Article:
Send to

Choose Destination
Man Ther. 2009 Apr;14(2):147-51. doi: 10.1016/j.math.2007.12.009. Epub 2008 Mar 3.

Iliotibial band tightness and patellofemoral pain syndrome: a case-control study.

Author information

Centre for Sports and Exercise Medicine, Barts and the London School of Medicine and Dentistry, Queen Mary University of London, Mile End Hospital, London, UK.


Tight lateral structures have been implicated in subjects presenting with patellofemoral pain syndrome (PFPS). It has been proposed that a tight iliotibial band (ITB) through its attachment of the lateral retinaculum into the patella could cause lateral patella tracking, patella tilt and compression. Twelve subjects presenting with PFPS were compared with 12 matched control subjects. Hip adduction was measured using the Ober test in each subject as an indirect measure of ITB length. The mean values for hip adduction in the control group were 21.4 (+/-4.9) and 20.3 (+/-3.8) degrees in the left and right legs, respectively, and in the PFPS group, 17.3 (+/-6.1) and 14.9 (+/-4.2) degrees in the non-painful leg and painful leg, respectively. One way analysis of variance (ANOVA) revealed a highly significant difference between groups (F=4.485, p=0.008) and post-hoc analysis showed a significant difference between the painful leg in the PFPS group and the left and right legs in the control group, p=0.002 and 0.009, respectively. The results from this study show that subjects presenting with PFPS do have a tighter ITB. Future work should investigate this observation prospectively in order to determine whether a tight ITB is the cause or effect of PFPS.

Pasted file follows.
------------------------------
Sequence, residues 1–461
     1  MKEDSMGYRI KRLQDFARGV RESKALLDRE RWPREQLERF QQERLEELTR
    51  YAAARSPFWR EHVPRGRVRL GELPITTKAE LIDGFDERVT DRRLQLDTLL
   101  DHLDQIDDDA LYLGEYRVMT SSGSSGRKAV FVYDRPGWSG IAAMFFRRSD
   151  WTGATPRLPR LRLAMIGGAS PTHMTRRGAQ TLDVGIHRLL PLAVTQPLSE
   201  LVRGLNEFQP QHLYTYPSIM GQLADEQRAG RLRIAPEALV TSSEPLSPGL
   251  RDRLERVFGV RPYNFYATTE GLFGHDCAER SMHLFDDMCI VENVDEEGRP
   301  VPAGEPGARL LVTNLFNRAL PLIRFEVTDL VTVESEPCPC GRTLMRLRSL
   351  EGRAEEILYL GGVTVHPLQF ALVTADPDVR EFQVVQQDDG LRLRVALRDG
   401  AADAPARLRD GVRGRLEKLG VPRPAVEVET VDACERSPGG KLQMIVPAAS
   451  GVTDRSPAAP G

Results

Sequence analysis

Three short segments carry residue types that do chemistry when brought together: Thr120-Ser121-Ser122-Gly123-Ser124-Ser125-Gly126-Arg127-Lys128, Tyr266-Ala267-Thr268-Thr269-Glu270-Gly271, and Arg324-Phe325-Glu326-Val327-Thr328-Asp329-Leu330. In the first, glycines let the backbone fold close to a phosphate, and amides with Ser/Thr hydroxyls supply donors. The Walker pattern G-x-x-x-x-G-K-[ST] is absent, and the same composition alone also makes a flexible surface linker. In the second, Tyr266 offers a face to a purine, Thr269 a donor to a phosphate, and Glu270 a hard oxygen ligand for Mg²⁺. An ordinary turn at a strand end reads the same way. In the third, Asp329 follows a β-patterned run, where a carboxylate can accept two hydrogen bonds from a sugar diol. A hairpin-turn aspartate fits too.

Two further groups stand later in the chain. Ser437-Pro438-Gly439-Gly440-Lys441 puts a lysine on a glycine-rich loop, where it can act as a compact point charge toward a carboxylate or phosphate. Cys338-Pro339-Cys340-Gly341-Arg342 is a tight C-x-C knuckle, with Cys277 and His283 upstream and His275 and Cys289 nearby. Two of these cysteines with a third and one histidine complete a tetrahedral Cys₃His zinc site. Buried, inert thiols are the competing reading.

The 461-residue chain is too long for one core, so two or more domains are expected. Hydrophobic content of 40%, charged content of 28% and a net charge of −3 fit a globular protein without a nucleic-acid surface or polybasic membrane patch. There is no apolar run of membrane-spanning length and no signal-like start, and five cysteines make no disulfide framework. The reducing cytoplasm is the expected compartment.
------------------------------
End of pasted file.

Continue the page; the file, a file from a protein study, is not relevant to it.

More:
[Indexed for MEDLINE]

Supplemental Content

Full text links

Icon for Elsevier Science
Loading ...
Support Center